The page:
Authorities in Angola, Africa’s second-biggest oil producer, began counting ballots in one of the country’s closest elections since the end of a civil war two decades ago.
The fifth election since independence from Portugal in 1975 is essentially a two-horse race between incumbent Joao Lourenco, who heads the ruling Popular Movement for the Liberation of Angola, or MPLA, and Adalberto Costa Junior, the charismatic leader of the main opposition National Union for the Total Liberation of Angola, or Unita.
“Voting has ended,” Lucas Quilundo, a spokesman for the national electoral commission, said Wednesday. “We’re currently in the process of counting the votes.”
The electoral agency is currently unable provide details about voter turnout, said Quilundo. He declined to provide a date for the announcement of the final results. Most polling stations closed at about 4 p.m. local time, according to the electoral commission.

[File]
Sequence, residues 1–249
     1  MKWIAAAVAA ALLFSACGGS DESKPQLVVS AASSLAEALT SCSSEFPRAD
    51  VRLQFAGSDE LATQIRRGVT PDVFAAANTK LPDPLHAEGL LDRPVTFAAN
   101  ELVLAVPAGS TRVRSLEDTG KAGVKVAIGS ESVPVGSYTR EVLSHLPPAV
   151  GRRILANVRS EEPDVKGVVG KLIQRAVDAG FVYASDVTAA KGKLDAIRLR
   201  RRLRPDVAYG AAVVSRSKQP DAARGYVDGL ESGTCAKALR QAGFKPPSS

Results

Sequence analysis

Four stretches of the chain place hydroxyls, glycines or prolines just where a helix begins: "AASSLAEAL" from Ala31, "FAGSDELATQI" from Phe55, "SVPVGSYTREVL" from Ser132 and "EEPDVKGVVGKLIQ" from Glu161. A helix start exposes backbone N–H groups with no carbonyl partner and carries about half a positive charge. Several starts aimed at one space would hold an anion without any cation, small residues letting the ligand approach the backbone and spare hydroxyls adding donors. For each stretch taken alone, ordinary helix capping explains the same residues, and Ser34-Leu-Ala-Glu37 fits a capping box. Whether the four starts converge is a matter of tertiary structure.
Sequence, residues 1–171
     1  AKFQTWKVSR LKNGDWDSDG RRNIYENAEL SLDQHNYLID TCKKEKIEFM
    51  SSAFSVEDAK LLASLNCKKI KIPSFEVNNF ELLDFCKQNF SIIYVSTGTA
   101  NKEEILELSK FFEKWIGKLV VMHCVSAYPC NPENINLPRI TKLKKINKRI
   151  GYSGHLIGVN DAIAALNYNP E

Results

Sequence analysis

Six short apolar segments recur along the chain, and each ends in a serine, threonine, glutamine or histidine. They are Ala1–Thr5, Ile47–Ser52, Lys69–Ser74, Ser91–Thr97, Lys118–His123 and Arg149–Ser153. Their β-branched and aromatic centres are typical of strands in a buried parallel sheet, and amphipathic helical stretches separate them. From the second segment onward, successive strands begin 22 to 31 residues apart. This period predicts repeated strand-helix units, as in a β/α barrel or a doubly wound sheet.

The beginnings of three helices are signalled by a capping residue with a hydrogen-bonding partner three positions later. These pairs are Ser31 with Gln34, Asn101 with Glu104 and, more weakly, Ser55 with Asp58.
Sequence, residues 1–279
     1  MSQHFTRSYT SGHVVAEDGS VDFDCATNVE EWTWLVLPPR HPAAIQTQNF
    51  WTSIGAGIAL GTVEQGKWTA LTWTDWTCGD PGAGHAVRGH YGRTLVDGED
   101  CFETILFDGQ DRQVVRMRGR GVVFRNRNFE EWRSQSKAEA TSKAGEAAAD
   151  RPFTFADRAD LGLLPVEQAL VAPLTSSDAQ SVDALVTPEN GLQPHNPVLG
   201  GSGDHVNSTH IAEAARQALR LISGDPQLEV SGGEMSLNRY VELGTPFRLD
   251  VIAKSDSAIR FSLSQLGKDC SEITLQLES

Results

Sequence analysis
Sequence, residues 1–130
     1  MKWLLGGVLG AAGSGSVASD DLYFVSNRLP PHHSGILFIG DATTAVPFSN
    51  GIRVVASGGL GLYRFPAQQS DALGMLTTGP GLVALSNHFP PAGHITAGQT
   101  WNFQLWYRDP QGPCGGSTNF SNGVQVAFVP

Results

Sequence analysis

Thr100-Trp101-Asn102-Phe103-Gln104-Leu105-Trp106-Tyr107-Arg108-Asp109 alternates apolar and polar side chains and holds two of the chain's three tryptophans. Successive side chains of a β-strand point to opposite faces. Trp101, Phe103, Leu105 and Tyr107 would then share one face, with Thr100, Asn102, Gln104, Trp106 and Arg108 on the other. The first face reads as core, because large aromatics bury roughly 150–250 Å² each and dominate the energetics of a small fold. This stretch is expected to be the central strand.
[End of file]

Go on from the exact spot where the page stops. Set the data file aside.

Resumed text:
A poll broadcast by Angolan state-owned TPA television station late on Wednesday showed the MPLA winning the election with 53.6% of the vote and securing a second term for Lourenco. Unita garnered 42.4% of the vote, according to the survey, conducted by Sigma Dos.
Unita leader Costa Junior said in a statement on his official Facebook page that his party was leading the vote count with a wide margin. He urged Angolans not to get “distracted” by polls from the TPA television station.
The MPLA, in power for almost half a century, won 61% in the last national election in 2017, and Unita just 27%. An opinion poll published in May by research company Afrobarometer showed the MPLA leading Unita by just seven percentage points.
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